This magnificent library was established in 1900 and is one of the national libraries in India. It has an excellent one man collection of rare Arabic and Persian manuscripts, Rajput and Mughal paintings, 25mm wide Koran and books from the Moorish University of Cordoba, Spain.
Jalan Museum, Qila House
The museum is situated over the ruins of the Qila House, the site of Sher Shah's fort. It is a private collection containing Chinese paintings and an invaluable collection of silver and jade filigree work of the Mughal period.
Sher Shah Suri Masjid
This is a mosque built by the Afghan ruler, Sher Shah, who defeated Mughal Emperor Humanyun to rule Delhi. Locally known as Shershahi, the mosque was built in 1545, making it the oldest mosque in Patna.
It is the headquarters of Bihar Vidyapeeth, a national university. Dr. Rajendra Prasad, the first President of India, resided here after his retirement. A small museum here exhibits some of his personal belongings.
Agam Kuan or the Unfathomable well
This important archaeological relic is believed to be associated with Mauryan emperor Ashoka, the great.
The 7.5km long bridge over river Ganga, is one of the longest roadway bridges in the world.
Sanjay Gandhi Biological Park
It was established in 1969 and is now one of the 16 largest zoos in the country, housing more than 70 species of animals.
This excellent planetarium at Indira Gandhi Science complex is one of the most important attractions of Patna.
The archaeological site has relics of Patliputra, the glorious capital of Ajatastru, Chandragupta and Ashoka. Excavations have revealed the rich historical legacy of Patna, dating between 600 BC to 600 AD. Other worth visiting sites are Bihar Institute of Handicrafts & Designs, Brila Mandir, Mahaveer mandir, Nawab Shahid- ka – Maqbara, Pachim Darwaza etc. Kumhrar is the remains of the architecture of the region during the Mauryan times, and are impressive though not much could have been unearthed. According to the archaeologists, most of the structures built by the Mauryans were in wood, and they could not survive the high water concentration in the soil in this region. Some of the structures unearthed are remains of a large pillared assembly hall of the Mauryan times, a Buddhist monastery, parts of Anand Bihar, and some clay figures and wooden beams found at the site.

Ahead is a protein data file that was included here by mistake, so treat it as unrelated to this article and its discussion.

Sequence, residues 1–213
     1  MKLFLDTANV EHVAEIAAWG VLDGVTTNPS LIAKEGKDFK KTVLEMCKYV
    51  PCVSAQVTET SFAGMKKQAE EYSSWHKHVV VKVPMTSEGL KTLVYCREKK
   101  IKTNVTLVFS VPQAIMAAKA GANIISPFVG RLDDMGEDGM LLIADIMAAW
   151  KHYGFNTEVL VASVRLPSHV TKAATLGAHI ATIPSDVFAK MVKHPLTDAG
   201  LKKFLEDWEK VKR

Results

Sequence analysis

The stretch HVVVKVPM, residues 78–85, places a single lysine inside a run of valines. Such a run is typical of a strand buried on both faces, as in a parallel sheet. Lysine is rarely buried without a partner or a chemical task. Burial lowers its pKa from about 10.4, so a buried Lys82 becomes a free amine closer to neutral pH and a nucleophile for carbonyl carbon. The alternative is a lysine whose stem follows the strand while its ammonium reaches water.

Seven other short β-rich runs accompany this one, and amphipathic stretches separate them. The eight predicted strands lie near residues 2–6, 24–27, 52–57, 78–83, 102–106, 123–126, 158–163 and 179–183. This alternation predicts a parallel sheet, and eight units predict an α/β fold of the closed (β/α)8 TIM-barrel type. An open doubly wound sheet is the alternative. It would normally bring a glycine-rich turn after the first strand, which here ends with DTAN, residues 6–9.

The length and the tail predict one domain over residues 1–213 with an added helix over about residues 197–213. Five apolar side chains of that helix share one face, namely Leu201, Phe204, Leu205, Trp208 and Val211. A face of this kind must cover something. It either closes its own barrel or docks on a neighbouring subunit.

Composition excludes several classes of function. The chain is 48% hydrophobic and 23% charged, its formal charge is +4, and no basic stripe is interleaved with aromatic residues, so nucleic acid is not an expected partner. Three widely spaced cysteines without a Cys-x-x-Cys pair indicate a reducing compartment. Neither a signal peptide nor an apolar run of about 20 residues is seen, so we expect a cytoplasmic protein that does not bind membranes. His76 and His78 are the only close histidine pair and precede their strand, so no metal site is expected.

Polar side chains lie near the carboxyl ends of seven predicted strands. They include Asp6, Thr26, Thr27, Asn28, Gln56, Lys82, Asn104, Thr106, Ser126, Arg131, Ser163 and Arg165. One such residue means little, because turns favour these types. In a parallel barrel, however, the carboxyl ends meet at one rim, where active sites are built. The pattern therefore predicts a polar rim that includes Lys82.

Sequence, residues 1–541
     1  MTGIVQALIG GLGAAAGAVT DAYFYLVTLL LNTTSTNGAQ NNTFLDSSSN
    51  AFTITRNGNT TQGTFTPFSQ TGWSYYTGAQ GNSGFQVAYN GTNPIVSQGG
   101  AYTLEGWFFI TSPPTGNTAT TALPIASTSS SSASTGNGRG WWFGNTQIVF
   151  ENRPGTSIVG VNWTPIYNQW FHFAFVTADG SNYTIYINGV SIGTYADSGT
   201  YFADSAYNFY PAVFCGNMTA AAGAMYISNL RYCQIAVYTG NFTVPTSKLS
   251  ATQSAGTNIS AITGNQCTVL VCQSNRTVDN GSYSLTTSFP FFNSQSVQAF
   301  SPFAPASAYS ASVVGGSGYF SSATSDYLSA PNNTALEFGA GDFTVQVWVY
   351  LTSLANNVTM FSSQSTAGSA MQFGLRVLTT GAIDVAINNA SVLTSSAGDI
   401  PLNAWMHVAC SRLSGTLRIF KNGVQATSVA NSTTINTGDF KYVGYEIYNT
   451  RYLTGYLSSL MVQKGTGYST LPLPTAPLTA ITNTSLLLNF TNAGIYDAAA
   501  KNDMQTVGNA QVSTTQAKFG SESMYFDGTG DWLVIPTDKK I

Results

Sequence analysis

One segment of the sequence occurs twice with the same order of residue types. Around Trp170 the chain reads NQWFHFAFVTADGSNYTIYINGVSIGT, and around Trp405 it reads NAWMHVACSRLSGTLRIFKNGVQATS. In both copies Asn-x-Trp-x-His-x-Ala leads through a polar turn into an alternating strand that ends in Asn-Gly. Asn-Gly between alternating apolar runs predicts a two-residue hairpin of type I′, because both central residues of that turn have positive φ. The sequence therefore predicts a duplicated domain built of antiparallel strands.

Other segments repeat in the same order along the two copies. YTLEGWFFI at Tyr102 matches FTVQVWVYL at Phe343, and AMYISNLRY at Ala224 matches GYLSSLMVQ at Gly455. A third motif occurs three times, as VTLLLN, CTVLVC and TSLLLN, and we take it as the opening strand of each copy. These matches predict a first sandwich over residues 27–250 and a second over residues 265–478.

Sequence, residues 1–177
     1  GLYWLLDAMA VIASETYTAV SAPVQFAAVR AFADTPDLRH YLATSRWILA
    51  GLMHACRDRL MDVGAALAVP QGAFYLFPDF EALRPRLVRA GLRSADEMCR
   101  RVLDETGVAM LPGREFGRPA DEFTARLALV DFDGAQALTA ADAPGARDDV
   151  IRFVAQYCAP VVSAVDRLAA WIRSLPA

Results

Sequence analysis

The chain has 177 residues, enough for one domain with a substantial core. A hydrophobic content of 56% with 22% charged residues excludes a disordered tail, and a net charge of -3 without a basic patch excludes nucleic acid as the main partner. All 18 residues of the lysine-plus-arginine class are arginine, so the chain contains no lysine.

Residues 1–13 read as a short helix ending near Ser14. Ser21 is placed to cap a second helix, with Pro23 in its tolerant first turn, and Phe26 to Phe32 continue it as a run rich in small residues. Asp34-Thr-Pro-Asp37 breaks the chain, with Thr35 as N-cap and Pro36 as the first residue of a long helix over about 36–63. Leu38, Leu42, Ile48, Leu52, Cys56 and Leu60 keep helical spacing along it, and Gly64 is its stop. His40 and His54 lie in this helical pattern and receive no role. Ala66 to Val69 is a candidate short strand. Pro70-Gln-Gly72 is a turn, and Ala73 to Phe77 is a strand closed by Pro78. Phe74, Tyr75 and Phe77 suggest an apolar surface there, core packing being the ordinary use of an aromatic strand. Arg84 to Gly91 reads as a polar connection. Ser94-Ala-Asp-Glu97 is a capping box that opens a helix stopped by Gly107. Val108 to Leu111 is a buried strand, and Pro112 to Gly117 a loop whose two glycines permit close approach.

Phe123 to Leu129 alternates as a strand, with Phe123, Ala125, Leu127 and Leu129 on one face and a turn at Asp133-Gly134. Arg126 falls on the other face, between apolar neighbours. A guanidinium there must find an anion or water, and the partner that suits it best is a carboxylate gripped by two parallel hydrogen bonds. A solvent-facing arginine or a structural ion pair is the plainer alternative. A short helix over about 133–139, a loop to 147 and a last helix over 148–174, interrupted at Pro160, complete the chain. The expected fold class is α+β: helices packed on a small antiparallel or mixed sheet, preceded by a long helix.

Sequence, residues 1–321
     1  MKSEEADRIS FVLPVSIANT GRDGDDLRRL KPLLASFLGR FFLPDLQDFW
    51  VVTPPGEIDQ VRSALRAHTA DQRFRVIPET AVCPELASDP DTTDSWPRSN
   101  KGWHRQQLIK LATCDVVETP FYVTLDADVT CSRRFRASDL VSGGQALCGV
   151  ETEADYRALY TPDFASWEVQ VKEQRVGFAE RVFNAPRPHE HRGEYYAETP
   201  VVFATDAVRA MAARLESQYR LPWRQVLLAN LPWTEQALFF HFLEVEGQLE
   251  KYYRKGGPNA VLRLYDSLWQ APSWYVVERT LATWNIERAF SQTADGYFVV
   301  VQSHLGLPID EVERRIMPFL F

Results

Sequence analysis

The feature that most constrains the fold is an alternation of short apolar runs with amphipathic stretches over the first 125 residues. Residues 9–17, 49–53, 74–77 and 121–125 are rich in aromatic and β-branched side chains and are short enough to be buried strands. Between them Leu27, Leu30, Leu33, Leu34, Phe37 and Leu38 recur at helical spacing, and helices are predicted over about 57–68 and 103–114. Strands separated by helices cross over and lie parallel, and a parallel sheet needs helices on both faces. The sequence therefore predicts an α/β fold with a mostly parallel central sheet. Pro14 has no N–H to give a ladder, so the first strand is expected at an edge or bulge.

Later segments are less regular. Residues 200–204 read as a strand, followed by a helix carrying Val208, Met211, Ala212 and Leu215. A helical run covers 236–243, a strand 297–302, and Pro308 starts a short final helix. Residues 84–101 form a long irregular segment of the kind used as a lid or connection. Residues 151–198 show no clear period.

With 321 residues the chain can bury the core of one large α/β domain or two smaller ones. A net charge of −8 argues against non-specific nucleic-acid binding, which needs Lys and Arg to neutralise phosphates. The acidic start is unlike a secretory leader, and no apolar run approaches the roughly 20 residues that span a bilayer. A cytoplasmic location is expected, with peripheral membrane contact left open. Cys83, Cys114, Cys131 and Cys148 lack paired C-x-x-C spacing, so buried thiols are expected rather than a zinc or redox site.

Patna Tour Information
This home of ancient Jain temples is also known as the ‘Jain City’.
The beautiful site is well known for the dargah of the 13th century sufi saint Hazrat Makhdoom Yahiya Maneri. The tomb of his disciple is located nearby. A large number of devotees visit the shrine during the annual Urs celebrations.
Fair & Festival
Chhath Festival (October / November)
It is one of the most important festivals of Bihar and a good harvest of paddy is celebrated during this time. Offerings are made to Sun God and a daylong fast is observed as thanks giving to the Lord of Crop and the creator of the seasons. Devotees walk barefoot in the penance to the venue of the colourful celebrations. Illuminated earthen lamps floating down the river at evening time is a visual spectacle. A week after the festival of lights, i.e., Diwali, is the festival of Chhath. For one night and day, the people of Bihar literally live on the banks of the river, Ganga when a ritual offering is made to the Sun God. The word, chhath denotes the number six and thus, the name itself serves as a remainder of this auspicious day on the festival almanac.
Sonepur Mela (October / November)
The cattle fair held at Sonepur, about 22 km from Patna during the kartik Purnima (October / November), is one of the largest in Asia. The fair lasts for a fortnight and all kinds of domestic and farm animals are bought and sold during this time. Bihar State Tourism Development Corporation Provides accommodation facilities in traditional huts for the visitors. Legend apart, the famous Sonepur fair is more of a cattle trading centre where incredible number of birds and cattle are brought from different parts of the country. Besides, the bewildering array fo wares are on sale, and in addition to this, there are numerous folk shows about which the BBC once remarked, "there's nothing like the Sonepur Cabaret."